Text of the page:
Since my last post on reclining seats I have discovered another airline that has installed seats that recline but do not take up the spacee of the passenger behind. Oman Air, in their Airbus A330, have installed seats that are pivoted in such a way that when you recline the seat the base of the seat moves forward. This means the reclining back of the seat takes up a minimal amount of the personal space of the person behind. You can read the complete Oman air review here.
Singapore airlines also have similar seating in their Airbus A380 which means that flying with these two airlines is a real pleasure both for the recliners and the non-recliners among us.
So, what did the survey results show?
The first question was “Do you think reclining seats should be banned on short haul flights?” A whopping 70% said they should be banned on flights under than three hours and only 20% said they should not be banned. The rest were undecided. This result is pretty much in line with other similar surveys on the subject.
When asked the question “Do you think reclining seats should be banned on medium and long haul flights?” there was a dramatic shift in the answers. The number who were undecided doubled to around 20%. Those who who said reclining seats should not be banned rose to 60%, three times the number answering “no” in the first question.
There is therefore a clear cut difference of opinion on reclining seats that correlates with the length of the flight. This is to be expected given that you are in your seat for a longer period of time and frequently involves flying during the hours of darkness. However the difference in the results may not only be due to the longer time spent in the seat but also to the fact that on short haul flights there tends to be less legroom. Someone reclining in front of you is invading what little personal space you already have.
The third question, “If asked politely would you be prepared to allow the person in front of you to recline their seats?” produced some surprising results. Only 1 in 10 people would flatly refuse to allow them to recline. The vast majority (90%) of passengers would allow the person in front to recline. However 30% would try and reach a compromise. Of the two options 1 in 3 would consider allowing the person in front to recline depending on what they were doing and 2 out of 3 would attempt to agree a time limit.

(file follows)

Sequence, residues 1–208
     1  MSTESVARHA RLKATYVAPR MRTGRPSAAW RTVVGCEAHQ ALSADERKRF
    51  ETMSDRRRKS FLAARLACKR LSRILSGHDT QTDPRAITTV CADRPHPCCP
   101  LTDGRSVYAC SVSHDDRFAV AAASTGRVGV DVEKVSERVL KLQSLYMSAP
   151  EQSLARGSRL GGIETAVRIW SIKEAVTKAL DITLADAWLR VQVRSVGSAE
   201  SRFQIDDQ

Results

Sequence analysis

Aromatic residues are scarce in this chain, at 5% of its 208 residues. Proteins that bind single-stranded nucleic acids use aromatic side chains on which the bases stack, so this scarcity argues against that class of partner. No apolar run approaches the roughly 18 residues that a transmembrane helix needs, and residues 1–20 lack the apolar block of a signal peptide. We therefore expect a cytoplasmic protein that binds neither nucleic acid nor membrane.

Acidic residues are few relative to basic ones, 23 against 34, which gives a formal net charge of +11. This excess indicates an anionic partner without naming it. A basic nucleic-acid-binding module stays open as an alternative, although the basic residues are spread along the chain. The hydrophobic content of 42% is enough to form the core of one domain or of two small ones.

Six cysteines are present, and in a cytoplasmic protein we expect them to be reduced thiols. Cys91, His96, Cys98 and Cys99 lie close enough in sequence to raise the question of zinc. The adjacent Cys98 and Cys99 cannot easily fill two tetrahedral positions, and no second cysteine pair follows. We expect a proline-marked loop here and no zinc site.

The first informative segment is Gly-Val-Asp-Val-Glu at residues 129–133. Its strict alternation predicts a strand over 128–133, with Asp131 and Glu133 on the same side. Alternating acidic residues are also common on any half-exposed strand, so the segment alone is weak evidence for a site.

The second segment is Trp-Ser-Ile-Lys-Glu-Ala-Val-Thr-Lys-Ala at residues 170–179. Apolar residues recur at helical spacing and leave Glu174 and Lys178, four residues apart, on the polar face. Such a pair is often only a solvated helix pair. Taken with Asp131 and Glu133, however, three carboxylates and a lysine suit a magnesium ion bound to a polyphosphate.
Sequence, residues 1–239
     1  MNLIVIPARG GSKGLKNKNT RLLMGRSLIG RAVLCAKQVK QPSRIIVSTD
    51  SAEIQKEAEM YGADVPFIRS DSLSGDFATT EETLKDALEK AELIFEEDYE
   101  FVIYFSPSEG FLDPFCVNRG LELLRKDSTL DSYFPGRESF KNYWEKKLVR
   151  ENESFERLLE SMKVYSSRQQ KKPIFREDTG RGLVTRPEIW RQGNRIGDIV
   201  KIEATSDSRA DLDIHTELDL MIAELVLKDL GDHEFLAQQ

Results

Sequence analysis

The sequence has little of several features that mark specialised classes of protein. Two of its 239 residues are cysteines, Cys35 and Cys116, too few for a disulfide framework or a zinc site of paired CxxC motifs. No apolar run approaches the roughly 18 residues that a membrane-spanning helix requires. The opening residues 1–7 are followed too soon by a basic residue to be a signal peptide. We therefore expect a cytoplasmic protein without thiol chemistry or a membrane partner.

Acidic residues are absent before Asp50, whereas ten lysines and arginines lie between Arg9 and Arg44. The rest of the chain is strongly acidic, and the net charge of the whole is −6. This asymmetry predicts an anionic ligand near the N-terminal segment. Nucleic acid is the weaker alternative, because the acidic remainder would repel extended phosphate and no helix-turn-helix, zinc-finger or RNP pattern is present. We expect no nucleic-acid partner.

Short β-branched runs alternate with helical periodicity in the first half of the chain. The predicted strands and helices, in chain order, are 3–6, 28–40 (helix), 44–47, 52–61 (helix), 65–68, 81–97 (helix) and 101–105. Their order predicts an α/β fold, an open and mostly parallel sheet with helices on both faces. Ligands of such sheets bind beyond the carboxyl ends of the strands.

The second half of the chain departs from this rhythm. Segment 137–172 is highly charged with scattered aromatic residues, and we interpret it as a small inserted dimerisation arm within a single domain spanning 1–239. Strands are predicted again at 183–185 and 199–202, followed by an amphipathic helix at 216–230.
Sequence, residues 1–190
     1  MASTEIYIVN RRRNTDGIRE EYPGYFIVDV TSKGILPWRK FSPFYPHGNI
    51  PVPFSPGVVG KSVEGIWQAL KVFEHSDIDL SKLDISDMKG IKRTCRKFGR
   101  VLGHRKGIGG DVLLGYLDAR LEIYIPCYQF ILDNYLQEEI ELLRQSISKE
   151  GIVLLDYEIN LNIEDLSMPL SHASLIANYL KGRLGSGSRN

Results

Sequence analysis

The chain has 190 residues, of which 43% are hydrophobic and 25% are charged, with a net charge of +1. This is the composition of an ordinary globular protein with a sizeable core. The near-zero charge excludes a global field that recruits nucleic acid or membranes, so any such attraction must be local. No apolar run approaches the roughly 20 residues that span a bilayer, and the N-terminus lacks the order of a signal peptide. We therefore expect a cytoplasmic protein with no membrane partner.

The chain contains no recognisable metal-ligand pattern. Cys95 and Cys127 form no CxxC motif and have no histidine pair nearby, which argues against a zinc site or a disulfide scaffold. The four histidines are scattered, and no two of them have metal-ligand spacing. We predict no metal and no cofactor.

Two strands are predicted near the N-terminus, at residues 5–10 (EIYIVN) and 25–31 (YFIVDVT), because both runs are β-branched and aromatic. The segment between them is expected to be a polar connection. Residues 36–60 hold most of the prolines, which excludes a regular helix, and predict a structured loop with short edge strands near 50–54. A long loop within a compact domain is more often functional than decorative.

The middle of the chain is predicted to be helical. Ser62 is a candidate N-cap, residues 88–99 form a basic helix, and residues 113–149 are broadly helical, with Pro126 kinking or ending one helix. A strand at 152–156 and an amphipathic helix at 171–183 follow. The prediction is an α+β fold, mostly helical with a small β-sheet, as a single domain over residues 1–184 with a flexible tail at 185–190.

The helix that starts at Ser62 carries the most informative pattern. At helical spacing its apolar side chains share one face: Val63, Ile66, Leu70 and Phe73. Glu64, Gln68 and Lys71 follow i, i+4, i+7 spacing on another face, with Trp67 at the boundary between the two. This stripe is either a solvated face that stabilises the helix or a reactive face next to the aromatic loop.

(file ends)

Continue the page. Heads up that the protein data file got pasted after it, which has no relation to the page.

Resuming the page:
From the options chosen in question 3 it would appear that the vast majority of travellers are very reasonable if asked. It is the phrase “…if asked that is important here. So many of the anti-reclining comments on blogs and social media relate to people in front reclining without warning or without asking the person behind.
So far the survey revealed that on short haul flights (that is under three hours duration) the majority of people are happy to have reclining seats banned. On longer flights the majority, though a smaller majority do not want reclining seats banned. However there is a significant minority who, in each of the above scenarios, who favour the alternative.
If airlines were to go with the majority view they would be alienating a significant proportion of their passengers and they do not want to do that (except perhaps Ryanair). So what is the answer? We will look at some answers in another post that looks at the final three questions of the survey. You can tell us your views in the comments below.
It would seem that, despite media portrayal to the contrary, most of us are reasonable travellers and would allow people in front of us to recline if asked, albeit with some form of compromise. Being reasonable is a step in the right direction to reducing air rage but it is only the start. There are more factors which we will address when we look at the rest of the results in another post.
What are your views on the results? Feel free to comment below but do keep it polite.